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Wednesday, March 5, 2014

Exemptions, Objections, and Law v. Siegel

Law v. Siegel  (U.S. Supreme Court opinion March 4, 2014)
Exemptions Safe From Bankruptcy Court’s “Adjustment”
Kevin C. McGee, Esq.
Partner
Seder & Chandler, LLP
Worcester, MA

            On March 4, 2014, the U.S. Supreme Court decided Law v. Siegel, on an appeal from the Ninth Circuit. The facts were that the Chapter 7 debtor (Stephan Law), in his bankruptcy schedules, stated the following: (1) he owned a California residence, which he valued at $363,348.00; (2) he had two liens on the residence, with a $147,156.52 first mortgage held by Washington Mutual Bank, and a $156,929.04 second mortgage held by “Lin’s Mortgage Associates”; and (3) he claimed a $75,000.00 California homestead exemption in the equity in the residence.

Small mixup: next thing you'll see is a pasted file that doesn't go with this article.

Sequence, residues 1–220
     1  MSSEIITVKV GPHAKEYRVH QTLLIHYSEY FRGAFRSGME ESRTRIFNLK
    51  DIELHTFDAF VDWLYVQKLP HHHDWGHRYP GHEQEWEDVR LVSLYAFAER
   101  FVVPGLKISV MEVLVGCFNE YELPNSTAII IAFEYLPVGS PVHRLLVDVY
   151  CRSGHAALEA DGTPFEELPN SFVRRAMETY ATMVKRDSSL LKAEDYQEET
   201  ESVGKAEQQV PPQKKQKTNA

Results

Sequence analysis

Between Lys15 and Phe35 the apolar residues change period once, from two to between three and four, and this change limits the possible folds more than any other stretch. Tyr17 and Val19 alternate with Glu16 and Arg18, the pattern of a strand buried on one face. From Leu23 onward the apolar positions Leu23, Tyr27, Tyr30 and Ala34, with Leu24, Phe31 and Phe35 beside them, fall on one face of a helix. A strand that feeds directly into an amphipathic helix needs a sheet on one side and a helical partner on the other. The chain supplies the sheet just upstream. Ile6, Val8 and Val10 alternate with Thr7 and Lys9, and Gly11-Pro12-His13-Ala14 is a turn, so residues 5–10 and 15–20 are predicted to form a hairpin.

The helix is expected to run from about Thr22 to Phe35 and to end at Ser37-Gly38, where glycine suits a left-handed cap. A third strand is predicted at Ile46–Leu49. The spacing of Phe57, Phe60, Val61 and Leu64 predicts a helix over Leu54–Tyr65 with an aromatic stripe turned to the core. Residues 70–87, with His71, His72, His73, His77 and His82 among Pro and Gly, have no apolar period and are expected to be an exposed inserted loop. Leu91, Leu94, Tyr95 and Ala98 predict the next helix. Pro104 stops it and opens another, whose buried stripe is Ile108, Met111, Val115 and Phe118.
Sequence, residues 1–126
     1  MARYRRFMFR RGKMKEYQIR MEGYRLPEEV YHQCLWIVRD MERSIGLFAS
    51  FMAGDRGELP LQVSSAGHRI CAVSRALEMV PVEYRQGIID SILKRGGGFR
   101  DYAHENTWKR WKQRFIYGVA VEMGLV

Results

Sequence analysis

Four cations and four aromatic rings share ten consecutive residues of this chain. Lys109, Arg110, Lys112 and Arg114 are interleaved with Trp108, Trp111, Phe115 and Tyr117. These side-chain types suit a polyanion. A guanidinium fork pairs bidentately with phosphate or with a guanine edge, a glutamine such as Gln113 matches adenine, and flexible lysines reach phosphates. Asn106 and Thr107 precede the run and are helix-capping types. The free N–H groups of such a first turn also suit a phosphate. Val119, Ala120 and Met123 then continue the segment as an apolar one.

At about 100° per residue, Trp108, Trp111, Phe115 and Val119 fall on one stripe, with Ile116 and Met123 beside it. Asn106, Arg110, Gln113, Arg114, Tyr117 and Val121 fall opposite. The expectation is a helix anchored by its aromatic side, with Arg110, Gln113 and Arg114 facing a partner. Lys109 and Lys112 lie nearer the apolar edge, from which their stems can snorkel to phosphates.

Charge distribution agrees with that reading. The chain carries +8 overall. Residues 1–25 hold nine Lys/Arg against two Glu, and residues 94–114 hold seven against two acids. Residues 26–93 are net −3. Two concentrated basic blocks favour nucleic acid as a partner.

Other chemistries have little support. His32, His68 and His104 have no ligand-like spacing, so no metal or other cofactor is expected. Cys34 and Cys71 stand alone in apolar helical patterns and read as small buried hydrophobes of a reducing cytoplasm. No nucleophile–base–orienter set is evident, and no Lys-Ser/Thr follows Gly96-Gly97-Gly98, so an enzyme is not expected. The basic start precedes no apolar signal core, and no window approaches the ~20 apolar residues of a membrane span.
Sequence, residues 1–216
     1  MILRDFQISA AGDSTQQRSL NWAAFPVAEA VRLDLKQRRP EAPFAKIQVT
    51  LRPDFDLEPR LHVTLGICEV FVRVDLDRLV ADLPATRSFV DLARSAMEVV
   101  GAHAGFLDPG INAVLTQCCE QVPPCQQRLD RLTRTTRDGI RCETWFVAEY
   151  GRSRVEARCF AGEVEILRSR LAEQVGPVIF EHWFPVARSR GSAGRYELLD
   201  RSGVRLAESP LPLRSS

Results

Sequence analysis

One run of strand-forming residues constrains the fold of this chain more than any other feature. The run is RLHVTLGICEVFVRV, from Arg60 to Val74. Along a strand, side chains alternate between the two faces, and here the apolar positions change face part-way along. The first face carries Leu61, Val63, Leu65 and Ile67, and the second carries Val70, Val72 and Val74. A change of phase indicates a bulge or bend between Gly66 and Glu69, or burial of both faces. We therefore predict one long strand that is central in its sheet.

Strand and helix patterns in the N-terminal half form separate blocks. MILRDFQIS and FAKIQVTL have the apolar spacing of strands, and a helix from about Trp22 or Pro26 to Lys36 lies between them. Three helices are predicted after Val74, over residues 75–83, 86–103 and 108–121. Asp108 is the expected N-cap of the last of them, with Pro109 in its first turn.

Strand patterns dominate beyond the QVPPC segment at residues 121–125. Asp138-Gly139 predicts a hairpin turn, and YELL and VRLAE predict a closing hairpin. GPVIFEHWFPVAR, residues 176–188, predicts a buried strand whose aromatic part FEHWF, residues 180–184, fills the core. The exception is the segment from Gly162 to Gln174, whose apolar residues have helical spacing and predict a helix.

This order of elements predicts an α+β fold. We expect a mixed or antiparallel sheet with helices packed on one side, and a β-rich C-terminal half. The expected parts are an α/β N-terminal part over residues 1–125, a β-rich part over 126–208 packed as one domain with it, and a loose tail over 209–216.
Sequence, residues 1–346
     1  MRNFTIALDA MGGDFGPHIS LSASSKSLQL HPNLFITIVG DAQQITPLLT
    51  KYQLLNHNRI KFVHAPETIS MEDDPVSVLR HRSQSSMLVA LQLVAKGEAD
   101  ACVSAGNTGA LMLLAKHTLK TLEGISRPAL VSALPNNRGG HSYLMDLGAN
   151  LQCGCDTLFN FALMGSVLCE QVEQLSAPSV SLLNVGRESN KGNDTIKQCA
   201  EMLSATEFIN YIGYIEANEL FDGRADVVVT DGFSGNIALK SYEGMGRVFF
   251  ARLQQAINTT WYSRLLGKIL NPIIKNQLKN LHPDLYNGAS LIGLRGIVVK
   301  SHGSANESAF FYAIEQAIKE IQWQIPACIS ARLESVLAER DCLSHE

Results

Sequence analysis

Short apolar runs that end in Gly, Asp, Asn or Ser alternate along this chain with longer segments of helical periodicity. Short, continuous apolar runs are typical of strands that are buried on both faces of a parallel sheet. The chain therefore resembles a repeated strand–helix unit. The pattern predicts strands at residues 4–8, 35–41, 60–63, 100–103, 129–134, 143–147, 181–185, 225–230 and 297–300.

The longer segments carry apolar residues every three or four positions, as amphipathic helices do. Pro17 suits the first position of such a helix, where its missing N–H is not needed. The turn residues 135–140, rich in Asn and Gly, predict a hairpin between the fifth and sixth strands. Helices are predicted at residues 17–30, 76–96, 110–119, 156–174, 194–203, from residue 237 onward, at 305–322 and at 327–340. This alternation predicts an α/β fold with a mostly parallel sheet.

Law’s Chapter 7 Trustee (Alfred H. Siegel) did not object to Law’s claimed homestead within thirty (30) days after Law’s meeting of creditors, as is required under Fed. R. Bankr. P. 4003(b)(1). However, Siegel did suspect that the second mortgage was not a legitimate debt, and started investigating. $500,000.00 in attorneys’ fees later, Siegel obtained an order invalidating the second mortgage as fraudulent. In addition, he petitioned the bankruptcy court to “surcharge” all of Law’s $75,000.00 exemption in the residence for Siegel’s attorneys’ fees (as permitted under 9th Circuit precedent). The bankruptcy court did so, on the basis that Law’s fraudulent and inequitable conduct permitted it to use 11 U.S.C. §105(a) to deny Law the fruits of his bad faith conduct.